Haycock Township is now a National Wildlife Federation Certified Community Wildlife Habitat!

The above article was published 10/25/12 on the front page of the Bucks County Herald

Link to the Intelligencer article published 10/22/12 below followed by the text:

Haycock earns prestigious environmental certification
By Chris Ruvo Correspondent | Posted: Monday, October 22, 2012 5:50 am

So intent was Julie Fagan on inspiring her hometown of Haycock to earn a prestigious environmental certification, she wore a bee costume to a supervisors meeting.

It was an unforgettable move made to persuade the board to register Haycock with the National Wildlife Federation as a township interested in becoming a Certified Community Wildlife Habitat. It also emphasized how local bee populations are declining, a problem that could perhaps be mitigated if Haycock, collectively, institutes the best environmental practices that must be implemented to achieve certification.

On Sunday, the efforts of Fagan and other volunteers — who worked assiduously on a grassroots campaign — paid off when Haycock became only the 63rd community in the United States to be named a Certified Community Wildlife Habitat. Only two other Pennsylvania towns — Bethlehem and Hamburg — have achieved the designation.

Roxanne Paul, National Wildlife Federation’s senior coordinator of community and volunteer outreach, was on hand at Haycock’s community day to present supervisors, Fagan and other volunteers with official recognition of the township’s certification.

“The NWF commends the dedicated residents of Haycock and the Haycock Township Community Wildlife Habitat Team for their wildlife conservation efforts and for coming together for a common purpose — to create a community where people and wildlife can flourish,” Paul said.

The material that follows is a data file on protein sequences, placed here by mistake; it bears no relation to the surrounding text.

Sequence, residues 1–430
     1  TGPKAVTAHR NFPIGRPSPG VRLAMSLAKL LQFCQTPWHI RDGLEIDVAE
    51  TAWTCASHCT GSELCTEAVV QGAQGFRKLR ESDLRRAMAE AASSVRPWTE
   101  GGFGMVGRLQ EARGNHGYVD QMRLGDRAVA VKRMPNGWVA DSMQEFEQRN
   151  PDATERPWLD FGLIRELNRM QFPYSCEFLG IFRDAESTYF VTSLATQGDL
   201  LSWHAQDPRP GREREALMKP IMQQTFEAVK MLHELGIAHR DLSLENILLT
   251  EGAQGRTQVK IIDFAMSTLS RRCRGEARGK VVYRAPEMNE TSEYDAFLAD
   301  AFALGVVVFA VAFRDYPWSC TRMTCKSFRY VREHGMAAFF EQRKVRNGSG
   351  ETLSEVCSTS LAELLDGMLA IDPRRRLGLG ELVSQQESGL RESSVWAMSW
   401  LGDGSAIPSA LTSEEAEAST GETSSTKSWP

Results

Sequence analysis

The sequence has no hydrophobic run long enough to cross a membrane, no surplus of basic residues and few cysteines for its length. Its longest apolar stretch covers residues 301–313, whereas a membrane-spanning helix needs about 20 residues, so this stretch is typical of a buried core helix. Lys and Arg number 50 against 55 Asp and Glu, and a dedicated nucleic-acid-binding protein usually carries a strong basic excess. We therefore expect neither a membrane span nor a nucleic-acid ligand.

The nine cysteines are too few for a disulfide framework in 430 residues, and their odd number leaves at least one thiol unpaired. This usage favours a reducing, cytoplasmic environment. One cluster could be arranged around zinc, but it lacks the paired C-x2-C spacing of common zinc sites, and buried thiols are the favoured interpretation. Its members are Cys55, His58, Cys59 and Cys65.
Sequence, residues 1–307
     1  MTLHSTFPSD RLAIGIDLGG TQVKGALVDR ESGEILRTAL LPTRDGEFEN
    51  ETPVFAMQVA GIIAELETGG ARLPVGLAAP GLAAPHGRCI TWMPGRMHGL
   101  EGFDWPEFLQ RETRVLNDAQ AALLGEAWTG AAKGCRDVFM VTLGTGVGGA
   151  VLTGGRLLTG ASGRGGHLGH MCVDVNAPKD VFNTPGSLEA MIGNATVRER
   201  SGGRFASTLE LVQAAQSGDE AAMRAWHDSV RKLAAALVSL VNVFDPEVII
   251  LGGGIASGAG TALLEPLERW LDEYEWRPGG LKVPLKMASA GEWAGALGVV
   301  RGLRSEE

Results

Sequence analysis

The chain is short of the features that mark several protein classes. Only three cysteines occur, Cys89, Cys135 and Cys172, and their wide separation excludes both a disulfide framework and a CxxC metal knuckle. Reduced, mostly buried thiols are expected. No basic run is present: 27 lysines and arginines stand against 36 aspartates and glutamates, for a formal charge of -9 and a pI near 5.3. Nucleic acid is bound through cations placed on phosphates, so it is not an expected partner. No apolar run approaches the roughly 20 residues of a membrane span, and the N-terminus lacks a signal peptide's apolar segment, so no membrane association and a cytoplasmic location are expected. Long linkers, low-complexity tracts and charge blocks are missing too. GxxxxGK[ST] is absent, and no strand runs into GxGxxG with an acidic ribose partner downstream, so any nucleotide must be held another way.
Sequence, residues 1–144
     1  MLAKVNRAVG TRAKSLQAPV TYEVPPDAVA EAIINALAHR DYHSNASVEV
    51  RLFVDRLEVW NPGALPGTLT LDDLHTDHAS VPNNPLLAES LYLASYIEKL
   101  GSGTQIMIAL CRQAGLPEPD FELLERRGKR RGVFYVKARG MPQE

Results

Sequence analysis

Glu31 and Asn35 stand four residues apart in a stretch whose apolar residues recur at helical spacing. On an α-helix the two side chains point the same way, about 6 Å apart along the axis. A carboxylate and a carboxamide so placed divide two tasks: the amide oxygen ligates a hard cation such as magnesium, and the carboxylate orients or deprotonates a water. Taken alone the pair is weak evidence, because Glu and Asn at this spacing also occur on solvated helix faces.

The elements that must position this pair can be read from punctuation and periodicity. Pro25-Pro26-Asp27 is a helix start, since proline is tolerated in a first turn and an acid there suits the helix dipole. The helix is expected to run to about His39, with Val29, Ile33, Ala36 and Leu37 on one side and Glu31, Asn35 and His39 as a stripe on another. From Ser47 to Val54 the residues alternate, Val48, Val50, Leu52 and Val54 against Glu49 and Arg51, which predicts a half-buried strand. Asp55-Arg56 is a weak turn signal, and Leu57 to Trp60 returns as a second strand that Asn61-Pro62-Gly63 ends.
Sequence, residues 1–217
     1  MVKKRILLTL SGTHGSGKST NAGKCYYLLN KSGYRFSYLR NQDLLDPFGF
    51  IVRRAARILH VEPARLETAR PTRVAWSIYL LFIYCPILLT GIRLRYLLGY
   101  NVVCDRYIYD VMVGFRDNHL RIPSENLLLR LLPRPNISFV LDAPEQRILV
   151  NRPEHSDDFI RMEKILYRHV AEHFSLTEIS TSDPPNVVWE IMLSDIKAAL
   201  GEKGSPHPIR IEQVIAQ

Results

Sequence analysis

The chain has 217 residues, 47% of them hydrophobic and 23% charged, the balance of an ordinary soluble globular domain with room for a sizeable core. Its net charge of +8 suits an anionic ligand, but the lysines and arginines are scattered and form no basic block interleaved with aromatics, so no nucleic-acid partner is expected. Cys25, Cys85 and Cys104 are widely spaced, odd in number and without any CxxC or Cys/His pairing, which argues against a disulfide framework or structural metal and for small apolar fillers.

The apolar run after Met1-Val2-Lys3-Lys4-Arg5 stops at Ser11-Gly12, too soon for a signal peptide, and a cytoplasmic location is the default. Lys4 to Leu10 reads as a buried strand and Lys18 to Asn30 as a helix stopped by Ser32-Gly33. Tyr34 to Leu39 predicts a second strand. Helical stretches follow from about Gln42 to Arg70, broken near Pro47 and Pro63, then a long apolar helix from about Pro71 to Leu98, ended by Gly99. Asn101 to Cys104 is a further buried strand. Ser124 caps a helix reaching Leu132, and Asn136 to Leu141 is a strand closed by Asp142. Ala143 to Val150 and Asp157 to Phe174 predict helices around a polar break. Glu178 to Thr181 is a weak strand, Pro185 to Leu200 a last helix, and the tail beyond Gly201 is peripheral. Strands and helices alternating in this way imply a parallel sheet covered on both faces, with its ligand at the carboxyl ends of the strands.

Fagan was excited to see all the hard work come to fruition. “It’s a feeling of relief for this to happen finally,” she said.

The Community Wildlife Habitat project is part of NWF’s Certified Wildlife Habitat program. These projects benefit plants, wildlife and people through the creation of sustainable landscapes that require little or no pesticides, fertilizers and excess watering. These landscapes help keep water and air resources cleaner, making communities healthier for people and the environment.

“A Community Wildlife Habitat project multiplies this positive effect by creating multiple habitat areas in backyards, schoolyards, corporate properties, community gardens, parkland and other spaces,” said Paul.

Of the approximately 900 households in Haycock, 64 homes and 10 farms became NWF Certified Wildlife Habitat sites, as did Nockamixon State Park.

An associate professor in the school of environmental and biological science at Rutgers University, Fagan went door to door discussing the initiative with residents and getting them to participate.

Some of her students, along with township residents, lent time and effort to the awareness-raising project. In fact, students gave presentations about the project outside Haycock to other communities, which have shown interest in getting certified.

Reducing invasive species, cutting down on pesticide and herbicide use, and making the local habitat better for diminishing populations of bats and bees were main motivators for Fagan.

“At a time when communities are faced with the problems of losing habitat to development, Haycock stands out as a model for other communities to emulate,” said Paul. “The knowledge and inspiration that this project has generated will lead Haycock residents and visitors to take better care of their natural world.”

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